Science. Karim R. Lakhani is the Lumry Family Associate
Professor of Business Administration at Harvard Business
School and the principal investigator of the Harvard-NASA
Tournament Lab at the Institute for Quantitative Social
4. Challenge.gov Wins “Innovations in American Government” Award
Posted by Cristin Dorgelo on January 23, 2014 at 01:10 PM EDT
“Since its launch in September 2010 by the General Services Administration (GSA), Challenge.gov has become a one-stop shop where entrepreneurs and citizen solvers can find public-sector prize competitions. The website has been used by nearly 60 Federal agencies to source solutions to over 300 incentive prizes and challenges and to engage more than 42,000 citizen solvers.”
URL 20140505: http://www.whitehouse.gov/sites/default/files/microsites/ostp/competes_prizesreport_dec-2013.pdf
Implementation of Federal Prize Authority: Fiscal Year 2012 Progress Report
A Report from the
Office of Science and Technology Policy
In Response to the Requirements of the
America COMPETES Reauthorization Act of 2010
December 2013 ”
“A 2009 McKinsey report found that philanthropic and private-sector investment in prizes increased significantly in recent years, including $250 million in new prize money between 2000 and 2007.8 Some of these incentive prizes included the GoldCorp Challenge9, the Ansari X Prize10, the Netflix Prize11, and the Heritage Health Prize Competition12 ”
“See e.g., McKinsey & Company, “And the Winner Is…”; Capturing the promise of philanthropic prizes, 2009, http://www.mckinseyonsociety.com/downloads/reports/Social-Innovation/And_the_winner_is.pdf ”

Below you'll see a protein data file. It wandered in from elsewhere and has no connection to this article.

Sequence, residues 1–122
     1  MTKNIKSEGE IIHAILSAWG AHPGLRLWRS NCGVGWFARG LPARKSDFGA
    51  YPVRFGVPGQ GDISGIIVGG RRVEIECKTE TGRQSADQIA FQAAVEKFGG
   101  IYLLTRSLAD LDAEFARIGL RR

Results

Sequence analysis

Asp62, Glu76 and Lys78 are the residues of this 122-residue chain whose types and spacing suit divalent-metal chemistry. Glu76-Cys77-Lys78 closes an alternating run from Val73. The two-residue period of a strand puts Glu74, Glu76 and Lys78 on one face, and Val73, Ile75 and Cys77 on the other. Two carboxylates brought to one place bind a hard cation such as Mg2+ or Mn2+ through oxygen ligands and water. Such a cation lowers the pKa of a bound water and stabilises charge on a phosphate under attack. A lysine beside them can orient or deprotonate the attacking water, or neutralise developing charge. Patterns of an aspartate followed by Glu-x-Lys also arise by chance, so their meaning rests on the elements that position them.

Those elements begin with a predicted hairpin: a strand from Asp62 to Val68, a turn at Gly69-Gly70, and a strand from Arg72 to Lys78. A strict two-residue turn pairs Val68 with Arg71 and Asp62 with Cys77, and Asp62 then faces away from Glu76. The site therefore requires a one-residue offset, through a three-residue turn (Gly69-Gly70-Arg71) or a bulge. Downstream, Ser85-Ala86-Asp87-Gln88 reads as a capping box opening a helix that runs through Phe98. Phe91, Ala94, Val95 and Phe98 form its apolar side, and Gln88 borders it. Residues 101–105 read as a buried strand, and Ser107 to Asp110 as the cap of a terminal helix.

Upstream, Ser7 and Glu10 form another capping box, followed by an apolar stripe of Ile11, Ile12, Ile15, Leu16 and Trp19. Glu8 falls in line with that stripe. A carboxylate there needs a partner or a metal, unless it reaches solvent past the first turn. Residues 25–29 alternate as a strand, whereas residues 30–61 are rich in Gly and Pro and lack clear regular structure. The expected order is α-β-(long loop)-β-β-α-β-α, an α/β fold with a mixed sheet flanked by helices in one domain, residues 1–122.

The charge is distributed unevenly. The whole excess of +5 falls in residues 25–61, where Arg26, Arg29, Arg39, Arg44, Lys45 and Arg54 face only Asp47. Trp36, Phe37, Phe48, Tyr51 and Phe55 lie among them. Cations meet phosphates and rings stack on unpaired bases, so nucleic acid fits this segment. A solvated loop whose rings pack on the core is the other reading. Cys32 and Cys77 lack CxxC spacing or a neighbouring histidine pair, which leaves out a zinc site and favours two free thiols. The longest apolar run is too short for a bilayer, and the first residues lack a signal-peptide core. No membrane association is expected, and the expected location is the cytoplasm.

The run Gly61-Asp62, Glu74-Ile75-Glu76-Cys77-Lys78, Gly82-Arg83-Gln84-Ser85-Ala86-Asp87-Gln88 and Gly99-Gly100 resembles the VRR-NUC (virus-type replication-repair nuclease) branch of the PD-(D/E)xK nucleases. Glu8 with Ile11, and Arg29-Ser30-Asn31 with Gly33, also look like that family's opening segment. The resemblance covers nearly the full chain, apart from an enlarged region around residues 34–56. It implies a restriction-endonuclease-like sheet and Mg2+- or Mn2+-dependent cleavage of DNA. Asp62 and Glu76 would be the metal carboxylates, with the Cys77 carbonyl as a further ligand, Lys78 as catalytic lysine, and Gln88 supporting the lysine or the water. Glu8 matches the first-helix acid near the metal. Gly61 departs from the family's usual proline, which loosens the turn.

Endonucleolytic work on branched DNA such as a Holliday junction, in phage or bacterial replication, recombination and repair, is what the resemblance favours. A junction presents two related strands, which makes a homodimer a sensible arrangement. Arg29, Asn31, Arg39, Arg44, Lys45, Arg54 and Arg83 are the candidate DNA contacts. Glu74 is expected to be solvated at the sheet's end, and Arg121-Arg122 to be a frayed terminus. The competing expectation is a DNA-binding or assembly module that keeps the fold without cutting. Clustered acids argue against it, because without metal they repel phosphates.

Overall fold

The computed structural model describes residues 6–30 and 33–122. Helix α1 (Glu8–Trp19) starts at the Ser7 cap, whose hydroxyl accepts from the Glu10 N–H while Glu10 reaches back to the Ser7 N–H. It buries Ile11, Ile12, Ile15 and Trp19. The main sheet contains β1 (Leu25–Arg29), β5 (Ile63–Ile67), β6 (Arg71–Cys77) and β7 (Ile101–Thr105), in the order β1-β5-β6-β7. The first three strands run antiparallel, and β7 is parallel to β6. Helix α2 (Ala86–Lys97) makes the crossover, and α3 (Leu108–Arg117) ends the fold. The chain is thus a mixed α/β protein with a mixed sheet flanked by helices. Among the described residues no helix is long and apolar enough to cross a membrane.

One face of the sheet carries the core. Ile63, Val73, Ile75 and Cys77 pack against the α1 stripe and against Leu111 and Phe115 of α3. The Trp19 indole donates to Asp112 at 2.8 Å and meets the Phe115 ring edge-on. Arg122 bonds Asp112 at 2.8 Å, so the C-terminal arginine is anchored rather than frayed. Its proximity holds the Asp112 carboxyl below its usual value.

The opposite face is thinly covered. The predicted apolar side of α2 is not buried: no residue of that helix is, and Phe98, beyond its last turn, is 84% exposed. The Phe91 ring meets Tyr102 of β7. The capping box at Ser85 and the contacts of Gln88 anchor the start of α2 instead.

“Pay only for success and establish an ambitious goal without having to predict which team or approach is most likely to succeed.
Reach beyond the “usual suspects” to increase the number of solvers tackling a problem and to identify novel approaches, without bearing high levels of risk.
Bring out-of-discipline perspectives to bear.
Increase cost-effectiveness to maximize the return on taxpayer dollars. ”
I just read the three articles by Prof. Ashok Goel (Georgia Tech):
Goel, A. K., Vattam, S., Wiltgen, B., & Helms, M. (2012). Cognitive, collaborative, conceptual and creative—four characteristics of the next generation of knowledge-based CAD systems: a study in biologically inspired design. Computer-Aided Design, 44(10), 879-900.
As I read this article, the first thing I thought of was that I needed to add R1/XCON and intelligent configurators and CAD systems to the list of instances in the brief history of cognitive systems.
Second, the blending of next generation computer-aided design and cognitive assistants made me think of Tony Stark’s computer assistant (in the “Iron Man” science fiction movie) and this implementation by Elon Musk: http://www.saratechinc.com/future-of-design/
Third, this article made me think more about the question – what is the difference between a “good tool” and a cognitive assistant? CAD systems may be “good tools” but if the user or even better multiple users can talk and gesture with the systems understanding the input and changing what is displayed, and the system can learn by being shown or asked to refer to relevant examples in the literature, and the system can provide levels of confidence in proposed solutions (see discussion thread “A Very Brief History of Cognitive Assistants”) – then we have from “good tool” to more clearly a cognitive assistant for engineers working on bio-inspired designs.